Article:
It was black inside, but he struck a match and lit an oil lamp just inside the door. It lit up the narrow corridor they were in, and they headed through the single door at the end. Inside, the room was small, with a straw mattress at one end, and a crude desk and chair at the other. Papers littered the floor, some sketches of people that Kivuli recognised, others old letters from when Esh had lived a respectful life.

Esh stood looking at them, but then sat at the desk, letting his head drop on the rough wood. Kivuli watched from the wall, wishing that he was more than a shadow, wishing he could break the laws binding him so he could help his master.

The sun had risen high before Kivuli saw his master begin to stir. Realising how late it was, Esh jumped up, quickly making his water in a pot in the corner before striding out the room and through the door into the sunlight.

He headed to a tavern in the centre of town that Kivuli had never noticed before. Inside, the floor was littered with straw and the smell of stale sweat and vomit made Esh’s brow sweat. Kivuli looked around at the other customers, and noticed that both men and shadow alike had an unsavoury aura. Shaking a little, he stayed close to his master, who had chosen to sit in the corner, as far away from them as he could get.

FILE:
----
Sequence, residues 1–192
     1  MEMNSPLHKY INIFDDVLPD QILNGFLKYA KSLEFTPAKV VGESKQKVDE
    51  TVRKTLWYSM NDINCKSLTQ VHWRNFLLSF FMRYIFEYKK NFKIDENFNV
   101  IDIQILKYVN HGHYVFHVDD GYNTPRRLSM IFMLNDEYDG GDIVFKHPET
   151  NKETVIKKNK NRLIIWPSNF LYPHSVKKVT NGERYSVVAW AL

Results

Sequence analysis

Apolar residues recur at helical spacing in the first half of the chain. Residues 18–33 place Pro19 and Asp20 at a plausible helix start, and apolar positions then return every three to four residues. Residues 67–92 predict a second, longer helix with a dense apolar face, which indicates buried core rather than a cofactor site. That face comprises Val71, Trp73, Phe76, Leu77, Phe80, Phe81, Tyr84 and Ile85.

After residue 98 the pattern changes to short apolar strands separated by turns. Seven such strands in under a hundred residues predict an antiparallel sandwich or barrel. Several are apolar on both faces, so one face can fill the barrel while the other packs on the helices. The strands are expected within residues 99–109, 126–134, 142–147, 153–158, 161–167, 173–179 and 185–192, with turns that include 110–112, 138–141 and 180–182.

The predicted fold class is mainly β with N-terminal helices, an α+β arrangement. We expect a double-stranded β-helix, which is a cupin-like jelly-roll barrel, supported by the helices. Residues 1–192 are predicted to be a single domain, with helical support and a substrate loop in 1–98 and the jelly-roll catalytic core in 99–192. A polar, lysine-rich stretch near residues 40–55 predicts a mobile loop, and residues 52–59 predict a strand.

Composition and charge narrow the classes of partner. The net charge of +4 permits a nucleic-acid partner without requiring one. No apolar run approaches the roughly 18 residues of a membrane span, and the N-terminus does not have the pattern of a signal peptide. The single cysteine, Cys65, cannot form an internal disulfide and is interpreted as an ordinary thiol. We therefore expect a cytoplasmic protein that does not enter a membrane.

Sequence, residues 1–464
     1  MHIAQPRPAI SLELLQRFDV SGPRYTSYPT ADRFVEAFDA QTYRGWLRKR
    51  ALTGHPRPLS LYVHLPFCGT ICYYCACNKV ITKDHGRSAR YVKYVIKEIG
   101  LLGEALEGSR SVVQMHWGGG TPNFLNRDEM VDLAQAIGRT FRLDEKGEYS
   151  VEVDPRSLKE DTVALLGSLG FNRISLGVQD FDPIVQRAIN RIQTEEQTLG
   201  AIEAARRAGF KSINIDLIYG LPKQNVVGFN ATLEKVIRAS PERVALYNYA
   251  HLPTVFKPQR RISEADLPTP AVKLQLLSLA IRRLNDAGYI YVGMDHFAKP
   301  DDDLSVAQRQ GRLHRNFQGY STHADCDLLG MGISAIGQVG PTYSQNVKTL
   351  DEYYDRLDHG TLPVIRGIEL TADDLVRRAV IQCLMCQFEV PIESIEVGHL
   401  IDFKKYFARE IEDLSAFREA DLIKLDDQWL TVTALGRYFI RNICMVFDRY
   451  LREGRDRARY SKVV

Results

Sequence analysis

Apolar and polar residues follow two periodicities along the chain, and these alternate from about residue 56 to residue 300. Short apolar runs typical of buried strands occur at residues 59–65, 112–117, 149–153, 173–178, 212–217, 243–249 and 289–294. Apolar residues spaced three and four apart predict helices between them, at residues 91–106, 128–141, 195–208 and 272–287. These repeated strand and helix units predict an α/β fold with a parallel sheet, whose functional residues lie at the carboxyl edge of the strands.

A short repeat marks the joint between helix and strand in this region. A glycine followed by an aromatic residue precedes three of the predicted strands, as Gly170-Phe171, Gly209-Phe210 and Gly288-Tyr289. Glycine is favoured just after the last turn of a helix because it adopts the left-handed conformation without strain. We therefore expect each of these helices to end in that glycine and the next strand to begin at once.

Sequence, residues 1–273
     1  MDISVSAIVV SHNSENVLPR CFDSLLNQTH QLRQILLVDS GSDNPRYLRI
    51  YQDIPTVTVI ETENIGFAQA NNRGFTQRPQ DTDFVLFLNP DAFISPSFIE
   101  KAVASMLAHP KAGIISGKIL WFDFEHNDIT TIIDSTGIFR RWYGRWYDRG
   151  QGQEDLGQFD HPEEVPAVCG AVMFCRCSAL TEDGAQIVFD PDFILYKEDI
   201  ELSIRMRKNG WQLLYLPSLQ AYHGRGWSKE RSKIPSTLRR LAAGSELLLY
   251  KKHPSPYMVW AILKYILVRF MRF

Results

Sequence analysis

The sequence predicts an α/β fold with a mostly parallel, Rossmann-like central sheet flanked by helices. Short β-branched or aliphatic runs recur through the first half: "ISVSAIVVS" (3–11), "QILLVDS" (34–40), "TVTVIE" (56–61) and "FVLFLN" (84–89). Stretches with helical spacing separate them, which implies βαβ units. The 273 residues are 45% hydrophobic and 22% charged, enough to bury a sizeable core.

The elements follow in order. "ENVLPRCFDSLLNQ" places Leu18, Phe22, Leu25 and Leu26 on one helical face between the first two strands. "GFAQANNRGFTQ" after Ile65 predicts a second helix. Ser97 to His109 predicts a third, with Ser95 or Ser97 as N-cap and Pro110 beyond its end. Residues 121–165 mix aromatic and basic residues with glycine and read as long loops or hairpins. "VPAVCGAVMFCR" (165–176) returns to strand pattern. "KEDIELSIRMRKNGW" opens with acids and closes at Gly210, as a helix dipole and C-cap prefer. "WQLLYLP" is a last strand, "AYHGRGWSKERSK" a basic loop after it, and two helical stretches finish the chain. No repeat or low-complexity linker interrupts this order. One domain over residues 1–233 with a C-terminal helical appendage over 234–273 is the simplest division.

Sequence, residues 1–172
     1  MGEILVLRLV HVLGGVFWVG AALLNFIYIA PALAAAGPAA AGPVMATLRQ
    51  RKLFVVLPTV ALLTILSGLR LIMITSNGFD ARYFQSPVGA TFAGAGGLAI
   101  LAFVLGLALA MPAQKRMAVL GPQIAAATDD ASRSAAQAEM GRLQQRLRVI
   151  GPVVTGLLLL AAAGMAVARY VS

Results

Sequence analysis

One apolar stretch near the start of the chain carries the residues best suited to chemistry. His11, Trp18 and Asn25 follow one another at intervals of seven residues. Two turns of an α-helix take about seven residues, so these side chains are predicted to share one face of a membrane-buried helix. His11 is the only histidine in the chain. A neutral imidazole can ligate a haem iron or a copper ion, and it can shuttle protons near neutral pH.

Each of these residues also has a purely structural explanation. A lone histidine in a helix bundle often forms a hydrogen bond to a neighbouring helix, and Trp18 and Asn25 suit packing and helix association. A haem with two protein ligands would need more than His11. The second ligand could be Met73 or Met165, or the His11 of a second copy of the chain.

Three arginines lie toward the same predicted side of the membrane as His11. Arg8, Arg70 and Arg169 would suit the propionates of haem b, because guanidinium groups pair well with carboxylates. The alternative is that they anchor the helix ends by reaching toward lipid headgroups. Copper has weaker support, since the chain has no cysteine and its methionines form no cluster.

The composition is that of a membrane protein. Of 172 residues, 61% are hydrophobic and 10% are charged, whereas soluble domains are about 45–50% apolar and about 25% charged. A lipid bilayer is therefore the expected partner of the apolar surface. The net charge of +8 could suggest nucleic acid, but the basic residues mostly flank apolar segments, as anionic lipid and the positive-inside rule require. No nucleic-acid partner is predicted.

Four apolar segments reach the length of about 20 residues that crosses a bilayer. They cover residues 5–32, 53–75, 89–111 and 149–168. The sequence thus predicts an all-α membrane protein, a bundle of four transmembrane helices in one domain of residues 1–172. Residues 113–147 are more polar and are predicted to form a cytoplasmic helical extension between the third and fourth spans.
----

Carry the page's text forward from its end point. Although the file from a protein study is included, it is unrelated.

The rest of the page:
A serving wench, wearing a dress so filthy it should have been burnt, came over to see what Esh wanted. ‘Ale,’ he said, trying to hide his involuntary shudder at her closeness. Her eyebrows raised a little, but she said nothing and left.

As she came back with his ale, a man walked in wearing a rough-spun cloak. The hood concealed most of his face, but on seeing Esh he lowered it to reveal an angular jaw and a nose that had obviously been broken. He walked over, grinning as though meeting an old friend, but Kivuli was sure his master had never met him before. He looked around for the man’s shadow, and saw it just a little way away from him. It too was angular, and Kivuli didn’t recognise it.

‘Fancy seein’ you ere, friend,’ the man said, sitting down at the table next to Esh. His voice was slurred, with a dryness to it that Kivuli didn’t like. Then he put his hands on the table and interlaced his fingers, dropping both index fingers down quickly and then up again.

Esh swallowed and held his arm half under the table, rolling up his sleeve to reveal the brand mark he had received from Malkov barely a month before. The man nodded, and drew a small package from inside his cloak, passing it to Esh under the table. Kivuli moved closer to look at it, but the man’s shadow clawed out at him with a hiss. He drew back quickly, just as the man got up again.

‘Sorry ta leave ya so soon, friend,’ he said. ‘Tho I ‘spect we’ll be seein’ each other soon enuff.’


Back in their room, Esh opened the bundle. Inside was a bag containing a strange powder, and a note. Putting the powder aside, he unfolded the note and read it aloud. ‘All is set. Ignite the powder when you reach the drop off. Once the light appears, leave.  Do not stray, we shall be watching.’ He inhaled deeply and scrunched the paper in his hand.

Sitting down on the floor, he looked at all the sketches and letters littered around him. Now they were the only remainders of his past life. He smashed his fist against the wall and gathered them all up, throwing them in the grate. He took a match from his pocket, ready to strike it.